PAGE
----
Minced, Marinated and Murdered

3 Mins read

Written by Vanessa Barrot and Noël Balen, translated by Anne Trager — France and fine cuisine go hand in hand, and who better to introduce us to its delights than Noël Balen, co-author of the Winemaker Detective series? You can read how Noël and his wife teamed up to write on this new series in our interview here. Five books have already been successfully published in France and this is the first one to be translated into English, taking the passion for regional French cuisine – and murder – another high.

The first stop on this culinary trip is Lyon. Tourists will have much to discover in the third largest French city, renowned for its beautiful architecture, museums, quirky neighbourhoods, annual crime festival Quais du Polar, as well as being the birthplace of the Guignol puppet theatre. But it’s the culinary heritage of this town that is a the centre of the book, of course. The legendary chef Paul Bocuse, who just recently passed away, was based in Lyon and he is mentioned quite a bit here, as are the humble but incredibly competitive and lucrative bouchons. These small restaurants offer home-made style based around fresh local produce, and change their menus daily.

Laure Grenadier is the editor-in-chief of a food magazine in Paris, which instantly puts her in a very powerful position in such a food-obsessed country. Her sidekick Paco Alvarez is a freelance photographer. They travel together to Lyon on an assignment to do a feature on the Lyonnais bouchons, but once they arrive in the city they find out about the brutal murder of one of the leading lights of the local restaurant scene. When a second chef is killed the following day, Laure starts using all her connections to find out more about the case. She also contacts an old flame, the journalist Jean-Philippe Rameau, who is following the police closely on this investigation. Why would a serial killer target the bouchon owners of Lyon, merely for the small amount of money left in the cash register at the end of the day? And why choose such a horrible death through asphyxiation in a plastic bag? Could it be simple professional rivalry? Who is going to be next? And who was the outsider trying to buy out the bouchons a few years back?

Between their unofficial detecting work and some impromptu sight-seeing, Paco and Laure are treated to many mouth watering meals and a short history of food in the region, from Bresse chicken to tripe sausage, boar paté to silkmakers’ brains (a type of cheese). There is even a mention of the local football team Olympique Lyonnaise. This is vicarious tourism at its most persuasive and will make you want to jump onto the first plane to Lyon.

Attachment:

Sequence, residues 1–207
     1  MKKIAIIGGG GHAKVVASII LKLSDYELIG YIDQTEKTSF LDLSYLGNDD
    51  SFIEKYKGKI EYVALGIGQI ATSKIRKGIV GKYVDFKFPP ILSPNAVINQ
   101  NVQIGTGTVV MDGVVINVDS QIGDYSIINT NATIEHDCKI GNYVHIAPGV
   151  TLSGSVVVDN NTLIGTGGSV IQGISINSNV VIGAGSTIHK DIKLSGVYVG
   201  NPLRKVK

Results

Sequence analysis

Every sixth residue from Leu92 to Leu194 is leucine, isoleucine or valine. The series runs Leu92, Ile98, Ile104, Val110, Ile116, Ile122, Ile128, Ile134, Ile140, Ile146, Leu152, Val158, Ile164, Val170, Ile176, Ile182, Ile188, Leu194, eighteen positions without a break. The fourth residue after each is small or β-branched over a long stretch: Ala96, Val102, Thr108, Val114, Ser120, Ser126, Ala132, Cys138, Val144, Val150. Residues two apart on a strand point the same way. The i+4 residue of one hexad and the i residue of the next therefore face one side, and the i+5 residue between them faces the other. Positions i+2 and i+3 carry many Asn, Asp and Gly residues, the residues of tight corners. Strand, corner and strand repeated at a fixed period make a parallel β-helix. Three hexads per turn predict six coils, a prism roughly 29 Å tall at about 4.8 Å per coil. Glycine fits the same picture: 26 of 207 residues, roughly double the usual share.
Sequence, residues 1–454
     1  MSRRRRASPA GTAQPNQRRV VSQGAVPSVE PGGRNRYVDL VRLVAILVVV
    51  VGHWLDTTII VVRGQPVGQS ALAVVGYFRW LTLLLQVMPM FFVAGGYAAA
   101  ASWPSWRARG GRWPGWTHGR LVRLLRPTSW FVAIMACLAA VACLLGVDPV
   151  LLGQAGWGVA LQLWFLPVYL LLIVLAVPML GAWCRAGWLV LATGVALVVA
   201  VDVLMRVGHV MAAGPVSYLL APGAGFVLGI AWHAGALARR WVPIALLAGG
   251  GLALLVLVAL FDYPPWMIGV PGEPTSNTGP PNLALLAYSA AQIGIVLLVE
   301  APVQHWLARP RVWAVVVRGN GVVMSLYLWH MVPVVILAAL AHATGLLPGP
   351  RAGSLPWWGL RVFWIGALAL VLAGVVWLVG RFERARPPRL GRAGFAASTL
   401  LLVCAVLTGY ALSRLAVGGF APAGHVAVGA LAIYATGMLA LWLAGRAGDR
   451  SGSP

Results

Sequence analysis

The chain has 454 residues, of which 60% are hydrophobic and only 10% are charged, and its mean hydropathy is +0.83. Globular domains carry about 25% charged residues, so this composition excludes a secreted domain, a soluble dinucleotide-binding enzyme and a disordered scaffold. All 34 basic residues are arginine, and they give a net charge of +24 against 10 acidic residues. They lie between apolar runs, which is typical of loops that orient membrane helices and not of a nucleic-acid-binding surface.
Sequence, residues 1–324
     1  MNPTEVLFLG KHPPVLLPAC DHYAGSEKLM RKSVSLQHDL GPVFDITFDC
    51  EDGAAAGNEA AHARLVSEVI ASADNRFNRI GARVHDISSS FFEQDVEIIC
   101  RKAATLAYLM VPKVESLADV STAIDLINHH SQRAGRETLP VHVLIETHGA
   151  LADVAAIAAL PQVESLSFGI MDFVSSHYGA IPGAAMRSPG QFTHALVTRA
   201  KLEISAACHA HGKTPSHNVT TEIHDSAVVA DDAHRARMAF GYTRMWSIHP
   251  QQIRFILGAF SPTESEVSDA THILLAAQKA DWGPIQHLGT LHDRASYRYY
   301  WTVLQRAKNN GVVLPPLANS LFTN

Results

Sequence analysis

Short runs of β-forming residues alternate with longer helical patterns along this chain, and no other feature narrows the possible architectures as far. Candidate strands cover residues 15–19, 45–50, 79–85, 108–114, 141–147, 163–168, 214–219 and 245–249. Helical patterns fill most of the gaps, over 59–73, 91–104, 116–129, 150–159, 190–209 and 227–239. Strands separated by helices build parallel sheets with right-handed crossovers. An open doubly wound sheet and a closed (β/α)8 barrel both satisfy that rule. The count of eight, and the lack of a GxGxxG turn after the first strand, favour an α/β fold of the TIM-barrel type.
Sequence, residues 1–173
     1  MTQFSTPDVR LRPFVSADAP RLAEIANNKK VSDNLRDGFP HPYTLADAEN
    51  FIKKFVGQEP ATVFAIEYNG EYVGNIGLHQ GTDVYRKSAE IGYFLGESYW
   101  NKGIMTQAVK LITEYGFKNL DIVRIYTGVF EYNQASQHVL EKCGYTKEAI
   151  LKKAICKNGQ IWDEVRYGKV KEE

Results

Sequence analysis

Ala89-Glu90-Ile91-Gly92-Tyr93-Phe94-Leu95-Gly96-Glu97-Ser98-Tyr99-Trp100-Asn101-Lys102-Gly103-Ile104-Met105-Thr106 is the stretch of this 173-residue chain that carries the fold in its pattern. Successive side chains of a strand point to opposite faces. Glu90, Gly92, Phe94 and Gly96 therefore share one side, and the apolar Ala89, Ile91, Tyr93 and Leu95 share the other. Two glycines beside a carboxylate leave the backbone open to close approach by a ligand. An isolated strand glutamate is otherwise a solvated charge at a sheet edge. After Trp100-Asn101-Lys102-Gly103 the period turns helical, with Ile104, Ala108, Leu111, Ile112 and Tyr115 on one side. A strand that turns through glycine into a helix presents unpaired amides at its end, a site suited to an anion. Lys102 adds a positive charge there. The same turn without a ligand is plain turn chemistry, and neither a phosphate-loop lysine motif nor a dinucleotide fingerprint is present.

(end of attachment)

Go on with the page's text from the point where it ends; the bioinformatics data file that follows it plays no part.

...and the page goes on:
As revealed in our interview, Laure and Paco will be embroiled in further adventures and amateur detection in other regions of France, which is enough to please any local tourist office and get them to vie amongst themselves for attention. Does it work as a mystery, however? Well, the solution to this serial killer mystery is a bit of a stretch and I didn’t feel the motivations of the killer were persuasive enough. The only two well rounded characters are the main protagonists: they seem promising and a bit different to the clichés of crime fiction we are often treated to in the English speaking countries. Laure is the suave, confident, divorcee with a teenage daughter, very much the boss, while Paco is younger, less experienced and originally from Spain, so less knowledgeable about French traditions and food. He seems to have a bit of a thing for Laure, but there is the added complication of the attractive journalist.

All in all, a delicious concoction for those who like escapism, to be whisked off to a fascinating new setting with their crime fiction. It exudes joie de vivre in spite of all the sorrow and death. As one of the characters observes: ‘When you feel as much hunger as grief, then you’re alive.’

If you like the sound of this, also try Martin Walker’s The Resistance Man, part of the Bruno Chief of Police Series set in France around World War II.

Le French Book

CFL Rating: 4 Stars

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